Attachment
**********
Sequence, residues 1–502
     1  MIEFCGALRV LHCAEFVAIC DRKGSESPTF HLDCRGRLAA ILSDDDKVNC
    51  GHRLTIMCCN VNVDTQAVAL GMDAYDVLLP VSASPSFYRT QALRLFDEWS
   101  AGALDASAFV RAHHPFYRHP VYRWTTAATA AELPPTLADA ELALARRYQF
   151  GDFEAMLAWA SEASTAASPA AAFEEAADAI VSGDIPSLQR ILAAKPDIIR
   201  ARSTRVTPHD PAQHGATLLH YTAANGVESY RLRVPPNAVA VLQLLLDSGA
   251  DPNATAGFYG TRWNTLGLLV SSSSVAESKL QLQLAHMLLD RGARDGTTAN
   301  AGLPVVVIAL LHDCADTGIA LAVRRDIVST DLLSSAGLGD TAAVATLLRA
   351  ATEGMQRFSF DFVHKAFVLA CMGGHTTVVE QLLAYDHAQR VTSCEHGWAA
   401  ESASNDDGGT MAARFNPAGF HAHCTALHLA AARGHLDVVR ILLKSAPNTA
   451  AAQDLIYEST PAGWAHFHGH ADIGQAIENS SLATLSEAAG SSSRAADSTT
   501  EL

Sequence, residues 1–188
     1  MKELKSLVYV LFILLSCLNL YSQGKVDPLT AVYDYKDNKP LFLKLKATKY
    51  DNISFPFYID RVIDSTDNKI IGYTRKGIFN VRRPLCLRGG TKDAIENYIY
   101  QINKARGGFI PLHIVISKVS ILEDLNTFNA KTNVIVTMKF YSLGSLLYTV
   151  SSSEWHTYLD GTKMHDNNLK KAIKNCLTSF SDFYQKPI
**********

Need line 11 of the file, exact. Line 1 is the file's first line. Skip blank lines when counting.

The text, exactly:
   451  AAQDLIYEST PAGWAHFHGH ADIGQAIENS SLATLSEAAG SSSRAADSTT